To be in Christ, which is the portion of all who are saved, is to partake of all that Christ has done, all that He is, and all that He will ever be. It is to have died in His death, to have been buried in His burial, to have been raised in His resurrection, to have ascended in His ascension, and to be seated now with Him (because he is in Him) in glory. Such is the believer’s present position in Christ Jesus.

Over against all this, and in no way to be confused with it, is the experimental fact that a bodily resurrection and actual heavenly exaltation await all those who “sleep in Jesus”; and a bodily translation and heavenly exaltation await all who are “alive and remain unto the coming of the Lord”; the present, unalterable fact of the believer’s position in Christ being the guarantee of the yet future experience [1 Thess. 4:14-18].  A parallel description of this coming glory is found in Colossians 3:1-4. “If ye then be risen with Christ, seek those things which are above, where Christ sitteth on the right hand of God. Set your affection on things above, not on things on the earth. For ye are dead [ye died], and your life is hid with Christ in God. When Christ, who is our life, shall appear, then shall ye also appear with him in glory.” And Christ has declared, “Because I live, ye shall live also” (John 14:19). That this salvation far exceeds the ruin of sin is seen in the fact that by sin man fell from the level of fellowship with his Creator on the earth; but by saving grace he is exalted to fellowship with God in heaven. The probationary life in Adam was precarious and insecure; but the child of God has a new life imparted, which is Christ in him, and which is in no way related to that Adamic life which was ruined through sin. The life of Christ imparted, like the merit of Christ imputed, is held on no probationary condition, but is the free and unalterable gift of God to all who believe…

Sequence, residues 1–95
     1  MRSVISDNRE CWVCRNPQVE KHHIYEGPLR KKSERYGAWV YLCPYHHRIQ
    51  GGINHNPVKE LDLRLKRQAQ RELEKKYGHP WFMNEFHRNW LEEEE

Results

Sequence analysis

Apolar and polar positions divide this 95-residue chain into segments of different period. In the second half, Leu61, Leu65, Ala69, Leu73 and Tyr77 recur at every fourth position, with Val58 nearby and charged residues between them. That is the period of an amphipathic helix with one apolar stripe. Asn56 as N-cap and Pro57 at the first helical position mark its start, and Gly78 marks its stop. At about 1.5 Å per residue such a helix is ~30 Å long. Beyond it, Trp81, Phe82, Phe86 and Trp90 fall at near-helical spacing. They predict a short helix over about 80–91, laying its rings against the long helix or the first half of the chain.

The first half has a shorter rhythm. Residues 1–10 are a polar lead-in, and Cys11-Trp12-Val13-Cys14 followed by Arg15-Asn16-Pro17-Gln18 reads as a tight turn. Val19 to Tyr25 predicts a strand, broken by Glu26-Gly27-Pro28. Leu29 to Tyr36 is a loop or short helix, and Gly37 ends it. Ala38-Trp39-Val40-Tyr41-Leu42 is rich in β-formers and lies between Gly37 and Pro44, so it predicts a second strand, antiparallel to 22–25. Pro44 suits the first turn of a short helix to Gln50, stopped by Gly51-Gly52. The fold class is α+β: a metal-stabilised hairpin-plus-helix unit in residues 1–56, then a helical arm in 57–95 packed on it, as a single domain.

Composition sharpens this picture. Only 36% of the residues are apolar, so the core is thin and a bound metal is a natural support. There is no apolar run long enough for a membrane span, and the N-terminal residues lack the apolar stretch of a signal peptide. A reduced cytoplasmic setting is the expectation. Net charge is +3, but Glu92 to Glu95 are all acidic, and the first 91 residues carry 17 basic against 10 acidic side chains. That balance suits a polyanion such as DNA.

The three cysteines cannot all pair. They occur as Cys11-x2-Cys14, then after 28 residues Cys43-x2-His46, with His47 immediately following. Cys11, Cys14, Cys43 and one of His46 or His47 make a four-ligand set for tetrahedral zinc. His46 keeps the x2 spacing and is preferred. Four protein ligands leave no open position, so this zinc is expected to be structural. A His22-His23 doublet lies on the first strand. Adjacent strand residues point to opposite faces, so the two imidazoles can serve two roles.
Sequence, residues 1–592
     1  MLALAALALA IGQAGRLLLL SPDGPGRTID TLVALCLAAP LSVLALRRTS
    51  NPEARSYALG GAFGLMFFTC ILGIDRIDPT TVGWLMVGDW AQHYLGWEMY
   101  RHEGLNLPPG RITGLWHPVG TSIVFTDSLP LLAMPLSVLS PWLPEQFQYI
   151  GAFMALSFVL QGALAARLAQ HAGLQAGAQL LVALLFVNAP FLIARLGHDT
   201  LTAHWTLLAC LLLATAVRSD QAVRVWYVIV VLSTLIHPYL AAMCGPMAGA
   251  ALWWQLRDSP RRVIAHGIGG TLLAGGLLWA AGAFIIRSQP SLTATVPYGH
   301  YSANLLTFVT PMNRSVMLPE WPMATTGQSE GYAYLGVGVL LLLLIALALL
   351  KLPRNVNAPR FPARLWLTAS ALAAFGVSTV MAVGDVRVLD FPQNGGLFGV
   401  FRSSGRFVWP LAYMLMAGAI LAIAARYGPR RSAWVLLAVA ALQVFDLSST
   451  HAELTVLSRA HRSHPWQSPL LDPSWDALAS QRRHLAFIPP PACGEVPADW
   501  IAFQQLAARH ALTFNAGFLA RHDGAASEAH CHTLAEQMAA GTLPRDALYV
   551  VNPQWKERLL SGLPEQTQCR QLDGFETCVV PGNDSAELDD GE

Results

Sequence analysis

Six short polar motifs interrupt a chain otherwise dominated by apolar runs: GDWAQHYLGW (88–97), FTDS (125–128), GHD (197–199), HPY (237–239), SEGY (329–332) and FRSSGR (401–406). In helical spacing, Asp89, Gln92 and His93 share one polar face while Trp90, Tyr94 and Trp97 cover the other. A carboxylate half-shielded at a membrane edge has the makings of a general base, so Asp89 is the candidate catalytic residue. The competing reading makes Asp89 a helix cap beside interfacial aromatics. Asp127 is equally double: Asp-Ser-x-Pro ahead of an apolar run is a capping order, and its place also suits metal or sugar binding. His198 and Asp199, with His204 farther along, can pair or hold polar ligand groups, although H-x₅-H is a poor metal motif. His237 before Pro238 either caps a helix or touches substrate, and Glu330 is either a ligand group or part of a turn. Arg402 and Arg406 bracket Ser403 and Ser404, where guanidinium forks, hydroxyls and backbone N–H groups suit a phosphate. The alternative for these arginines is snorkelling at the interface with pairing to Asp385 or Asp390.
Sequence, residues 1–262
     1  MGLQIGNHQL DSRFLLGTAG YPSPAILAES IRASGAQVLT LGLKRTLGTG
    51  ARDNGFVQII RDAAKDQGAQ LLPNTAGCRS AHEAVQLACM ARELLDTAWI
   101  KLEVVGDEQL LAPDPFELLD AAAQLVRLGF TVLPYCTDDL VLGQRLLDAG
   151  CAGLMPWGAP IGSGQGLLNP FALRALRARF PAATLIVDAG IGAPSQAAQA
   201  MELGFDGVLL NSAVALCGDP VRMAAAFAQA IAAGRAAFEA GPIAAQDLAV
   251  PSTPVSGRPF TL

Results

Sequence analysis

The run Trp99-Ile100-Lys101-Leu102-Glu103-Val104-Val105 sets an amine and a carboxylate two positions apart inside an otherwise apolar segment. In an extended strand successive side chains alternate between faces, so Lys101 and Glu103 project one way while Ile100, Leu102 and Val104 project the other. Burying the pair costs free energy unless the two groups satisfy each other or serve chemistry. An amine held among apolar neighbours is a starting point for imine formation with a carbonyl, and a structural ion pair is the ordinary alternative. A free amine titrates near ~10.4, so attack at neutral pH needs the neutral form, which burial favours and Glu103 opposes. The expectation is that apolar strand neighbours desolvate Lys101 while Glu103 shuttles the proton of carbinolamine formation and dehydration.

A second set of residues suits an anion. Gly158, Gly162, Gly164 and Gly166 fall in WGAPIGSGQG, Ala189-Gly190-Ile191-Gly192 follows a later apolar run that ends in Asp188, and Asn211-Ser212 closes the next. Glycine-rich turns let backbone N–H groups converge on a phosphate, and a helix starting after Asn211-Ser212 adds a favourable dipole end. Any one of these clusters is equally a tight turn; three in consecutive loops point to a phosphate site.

In Ephesians 2:10 it is stated that, “We are his workmanship, created in Christ Jesus unto good works, which God hath before ordained that we should walk in them”; the divine objective being, according to this passage, that “good works” may result from that which is wrought of God, and that which is wrought of God is no less than a new “creation in Christ Jesus.” Such is the result of “His workmanship.” … Reference is made by this designation to the life and service of the child of God who, being fully yielded to God, experiences the out-working of God’s purpose in his life. It is the discovery of “that good, and acceptable, and perfect, will of God” (Rom. 12:2). Of a certainty, no “good works” will ever come from the life of an unregenerate person. For that reason and to the end that good works may be realized, God has been moved to the recreation of men in Christ Jesus. But, on the other hand, in the sight of God, how vitally important, according to the Scriptures, are these “good works!” To be saved unto good works is a divine undertaking which should never be confused with the unscriptural notion that one might be saved by good works. In every aspect of it, “salvation is of the Lord”; but it is unto that manner of life which He has before ordained.

Lewis Sperry Chafer, The Ephesian Letter Doctrinally Considered, 1935 lewissperrychafer.org/EphesiansDesc.html

“Lewis Sperry Chafer (1871 – 1952) was an American theologian. He co-founded Dallas Theological Seminary with his older brother Rollin Thomas Chafer, served as its first president … John Hannah described Chafer as a visionary Bible teacher, a minister of the gospel, a man of prayer with strong piety. One of his students, Charles Caldwell Ryrie, who went on to become a world renowned theologian and scholar, stated that Chafer was an evangelist who was also “an eminent theologian.” – Wikipedia

Another book by Chafer on the deeper Christian life is He That is Spiritual.